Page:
When the forces of ‘right of responsible access' and social media combine, there can be quite an effect, as was observed at Noddsdale Estate, near Largs. But a proactive solution was quickly and quietly put in place by owners Jane and Chris Evans, stopping any potential animosity, and encouraging responsible access.
There have always been a small number of people who have discreetly accessed the hills above Noddsdale, via fields, fences and tracks over the years, but since the Noddsdale Hydro Dam or 'Chinese Lake' was widely publicised by members of the public on the Largs Local Facebook page in 2015, there has been a marked increase in the number of visitors. This proved an issue due to the access route chosen by most was through the privacy areas of Noddsdale House, which is used as a private residence, and for holiday rental accommodation. The Evans recognised that to avoid any conflict, an alternative route would be the best and easiest plan. Advice was sought from North Ayrshire Council's Access Officer and a member of the Local Access Forum in an attempt to find a workable solution which has recently been achieved. This has removed the need for accessing the privacy areas on the estate, but allowed them to encourage responsible access and this approach is identified as responsible behaviour by land owners in the Scottish Outdoor Access Code.
With the advice and agreement of the local Access Officer, there are now signs in place helping those accessing the estate to understand the access legislation. There is a new waymarked route which is marked by white topped posts in the field at the first bend in the avenue leading onto the Estate. A simple map showing the area will be displayed at either end of the route. However, during lambing which, for example this year, takes place from 10 April until 20 May, access will not be permitted with dogs through any fields with lambs. As per the Access Legislation, there is no access to the Estate for unauthorised vehicles, but there is a public car park at the Cemetery in the Glen which can be used when walking into the hills. Noddsdale Hydro Dam has been in existence since 1927 and is still a working structure providing water storage for the Hydro Electric Scheme which was upgraded in 2010 and generates electricity supplied to the National Grid.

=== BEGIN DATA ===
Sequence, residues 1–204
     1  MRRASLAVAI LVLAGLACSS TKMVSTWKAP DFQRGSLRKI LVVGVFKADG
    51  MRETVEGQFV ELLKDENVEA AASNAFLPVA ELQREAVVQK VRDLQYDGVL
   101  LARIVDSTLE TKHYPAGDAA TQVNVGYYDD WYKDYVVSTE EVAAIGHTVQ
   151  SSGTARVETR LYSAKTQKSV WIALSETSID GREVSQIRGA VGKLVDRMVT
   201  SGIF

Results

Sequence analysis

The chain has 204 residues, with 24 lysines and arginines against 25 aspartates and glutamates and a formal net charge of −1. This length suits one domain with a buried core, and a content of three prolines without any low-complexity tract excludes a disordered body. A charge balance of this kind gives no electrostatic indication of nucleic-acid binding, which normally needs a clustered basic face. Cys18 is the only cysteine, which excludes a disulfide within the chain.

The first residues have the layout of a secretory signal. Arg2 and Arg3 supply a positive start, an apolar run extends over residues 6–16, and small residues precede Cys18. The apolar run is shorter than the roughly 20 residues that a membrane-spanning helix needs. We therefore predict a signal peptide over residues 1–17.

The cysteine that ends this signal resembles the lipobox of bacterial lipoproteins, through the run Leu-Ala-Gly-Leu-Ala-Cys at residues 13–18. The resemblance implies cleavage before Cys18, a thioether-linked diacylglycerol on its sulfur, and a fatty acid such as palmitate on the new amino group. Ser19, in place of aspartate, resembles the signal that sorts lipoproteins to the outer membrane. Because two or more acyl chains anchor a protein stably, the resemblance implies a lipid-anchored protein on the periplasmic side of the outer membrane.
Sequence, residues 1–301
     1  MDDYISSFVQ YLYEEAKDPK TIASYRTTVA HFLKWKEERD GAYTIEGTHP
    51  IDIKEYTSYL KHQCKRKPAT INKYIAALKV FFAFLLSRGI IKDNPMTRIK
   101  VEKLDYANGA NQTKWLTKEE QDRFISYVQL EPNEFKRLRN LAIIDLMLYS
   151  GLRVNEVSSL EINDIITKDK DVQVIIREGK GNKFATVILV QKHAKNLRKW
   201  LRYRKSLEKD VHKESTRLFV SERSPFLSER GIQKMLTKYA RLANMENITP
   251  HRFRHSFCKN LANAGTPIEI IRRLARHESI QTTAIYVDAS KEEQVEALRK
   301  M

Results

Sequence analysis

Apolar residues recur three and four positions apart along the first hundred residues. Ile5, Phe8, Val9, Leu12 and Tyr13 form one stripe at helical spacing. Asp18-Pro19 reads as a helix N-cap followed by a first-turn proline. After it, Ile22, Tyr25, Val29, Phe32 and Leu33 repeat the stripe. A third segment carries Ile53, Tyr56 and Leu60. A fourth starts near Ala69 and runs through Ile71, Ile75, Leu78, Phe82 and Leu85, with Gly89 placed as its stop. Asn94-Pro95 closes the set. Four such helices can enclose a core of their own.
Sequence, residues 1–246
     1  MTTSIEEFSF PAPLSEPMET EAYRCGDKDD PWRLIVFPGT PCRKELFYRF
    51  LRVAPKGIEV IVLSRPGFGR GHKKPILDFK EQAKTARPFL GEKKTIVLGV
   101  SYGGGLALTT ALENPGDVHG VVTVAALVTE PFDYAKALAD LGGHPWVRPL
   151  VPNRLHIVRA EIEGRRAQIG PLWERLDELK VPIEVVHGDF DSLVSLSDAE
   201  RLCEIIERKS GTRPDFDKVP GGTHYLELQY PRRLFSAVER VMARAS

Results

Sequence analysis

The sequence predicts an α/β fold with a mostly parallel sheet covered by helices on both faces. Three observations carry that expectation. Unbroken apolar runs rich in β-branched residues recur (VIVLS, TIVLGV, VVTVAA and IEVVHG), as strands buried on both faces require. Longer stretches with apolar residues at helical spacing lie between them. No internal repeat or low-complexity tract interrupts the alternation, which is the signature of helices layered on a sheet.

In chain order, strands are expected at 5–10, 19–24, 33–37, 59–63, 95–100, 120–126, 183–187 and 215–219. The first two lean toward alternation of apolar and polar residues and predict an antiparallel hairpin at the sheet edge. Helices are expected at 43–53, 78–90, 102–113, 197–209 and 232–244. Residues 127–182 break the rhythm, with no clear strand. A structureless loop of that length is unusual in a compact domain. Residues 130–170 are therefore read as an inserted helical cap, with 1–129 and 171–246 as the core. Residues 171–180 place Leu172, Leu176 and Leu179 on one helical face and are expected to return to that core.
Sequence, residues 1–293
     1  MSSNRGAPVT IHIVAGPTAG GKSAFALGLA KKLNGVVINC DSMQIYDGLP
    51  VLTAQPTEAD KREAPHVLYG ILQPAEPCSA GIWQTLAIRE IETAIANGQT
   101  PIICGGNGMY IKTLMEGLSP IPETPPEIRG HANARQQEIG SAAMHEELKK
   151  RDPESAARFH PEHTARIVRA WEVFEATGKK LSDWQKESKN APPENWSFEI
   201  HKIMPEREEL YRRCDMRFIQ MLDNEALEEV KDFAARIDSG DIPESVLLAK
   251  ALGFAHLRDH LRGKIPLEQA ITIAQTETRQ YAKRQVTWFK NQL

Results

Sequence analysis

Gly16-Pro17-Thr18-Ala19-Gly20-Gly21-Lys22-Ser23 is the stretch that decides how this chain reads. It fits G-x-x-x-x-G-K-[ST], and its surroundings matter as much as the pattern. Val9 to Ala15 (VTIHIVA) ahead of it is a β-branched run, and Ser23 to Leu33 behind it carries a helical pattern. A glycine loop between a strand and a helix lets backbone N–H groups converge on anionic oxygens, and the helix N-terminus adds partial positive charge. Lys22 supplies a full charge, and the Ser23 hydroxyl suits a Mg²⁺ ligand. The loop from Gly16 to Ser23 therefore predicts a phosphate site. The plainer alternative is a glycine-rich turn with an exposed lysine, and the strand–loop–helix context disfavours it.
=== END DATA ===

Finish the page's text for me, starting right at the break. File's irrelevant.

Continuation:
It is hoped that this new waymarked route will be helpful to all visitors and that the Scottish Outdoor Access Code will be followed responsibly. The Code is based on three key principles: Respect the interest of other people; Care for the environment; and Take responsibility for your own actions. This includes: taking litter home; keeping dogs under close control or on a short lead at all times; never taking dogs into a field with young animals; respecting the interests of farmers and other land managers; and leaving no trace of a fire or wild camping. For more information on the Land Reform legislation and Scottish Outdoor Access Code please visit http://www.outdooraccess-scotland.com or contact your local Access Officer.